When I use adoptable storage on my device, then my SD card will be encrypted. Is there a way to get the "encryption key" with root access? So if my phone dies, I can still retrieve my data from the SD card by using the key?

Related: How does Marshmallow encryption work technically?

I am running Cyanogenmod 13, rooted.


1 Answer 1


There's some interesting pointer found in Decrypting Android M adopted storage (emphasis mine):

Android M allows for adoptable storage, which is implemented similarly to internal storage FDE -- using dm-crypt with a per-volume, static 128-bit AES key, stored in /data/misc/vold/. Once the key is extracted from the device, adopted storage can be mounted and read/written on any Linux machine. Adoptable storage encryption is done purely in software (at least in the current preview build), so its performance is likely comparable to encrypted internal storage on devices that don't support hardware-accelerated FDE.

Also take a look at Corrupt SD card formatted as internal storage, which gives a quite detailed tutorial on how to do it :)

  • I see the file in ES Explorer. Its size is 16 Byte. How can I extract the key from it? Assume I am not a Linux user. Thank You.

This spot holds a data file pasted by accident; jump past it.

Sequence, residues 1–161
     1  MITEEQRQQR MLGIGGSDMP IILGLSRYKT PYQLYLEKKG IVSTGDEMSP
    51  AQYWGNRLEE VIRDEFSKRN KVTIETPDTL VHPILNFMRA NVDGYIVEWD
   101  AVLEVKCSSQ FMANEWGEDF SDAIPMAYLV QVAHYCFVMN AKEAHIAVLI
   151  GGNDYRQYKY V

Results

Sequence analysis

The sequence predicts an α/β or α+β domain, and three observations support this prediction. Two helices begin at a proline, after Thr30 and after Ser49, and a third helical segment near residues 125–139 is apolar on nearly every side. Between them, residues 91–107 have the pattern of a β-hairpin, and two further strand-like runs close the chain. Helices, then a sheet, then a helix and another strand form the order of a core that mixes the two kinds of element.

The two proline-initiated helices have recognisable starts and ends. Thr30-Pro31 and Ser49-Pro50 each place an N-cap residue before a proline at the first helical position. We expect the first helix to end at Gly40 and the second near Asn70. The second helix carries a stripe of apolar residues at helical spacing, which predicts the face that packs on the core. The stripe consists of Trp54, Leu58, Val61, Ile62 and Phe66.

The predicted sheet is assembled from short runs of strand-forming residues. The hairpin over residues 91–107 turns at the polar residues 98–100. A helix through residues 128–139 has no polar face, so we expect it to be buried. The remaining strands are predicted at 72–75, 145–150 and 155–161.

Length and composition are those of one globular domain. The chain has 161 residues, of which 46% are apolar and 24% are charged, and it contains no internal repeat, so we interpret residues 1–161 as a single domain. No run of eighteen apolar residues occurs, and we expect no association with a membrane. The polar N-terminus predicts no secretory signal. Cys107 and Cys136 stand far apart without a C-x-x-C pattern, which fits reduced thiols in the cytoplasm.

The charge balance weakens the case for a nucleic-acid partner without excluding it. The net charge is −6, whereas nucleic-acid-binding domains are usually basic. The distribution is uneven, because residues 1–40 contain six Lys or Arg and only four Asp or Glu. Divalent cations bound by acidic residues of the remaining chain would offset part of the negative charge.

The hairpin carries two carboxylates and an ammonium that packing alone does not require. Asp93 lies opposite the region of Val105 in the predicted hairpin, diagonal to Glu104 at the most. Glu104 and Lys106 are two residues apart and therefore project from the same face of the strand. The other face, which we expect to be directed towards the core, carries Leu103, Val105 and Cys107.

– Royi
    Mar 7, 2017 at 10:59
  • @Royi assuming you're not a Linux user, I cannot help you. See the emphasized part of my answer: the proposed solution only works with Linux. Apart from that, the file content is the key, as far as I understood.
    – Izzy
    Mar 7, 2017 at 11:03
  • I installed Linux on a computer just for that. I meant I am not experienced. I can see the file on ES Explorer which states its size is 16 Byte. Now, how can I extract the key from the file in my Android? All say HEX editor. Which HEX Editor can ask for root access to access that file? Is the size of 16 Byte correct?
    – Royi
    Mar 7, 2017 at 11:17
  • @Royi Have you seen the linked guide? Take a closer look at the first comment there, which should answer your question. I don't use adoptable storage myself (and don't plan to), so I cannot test and verify. And yes, 16 byte is correct – according to the linked answer.
    – Izzy
    Mar 7, 2017 at 12:02

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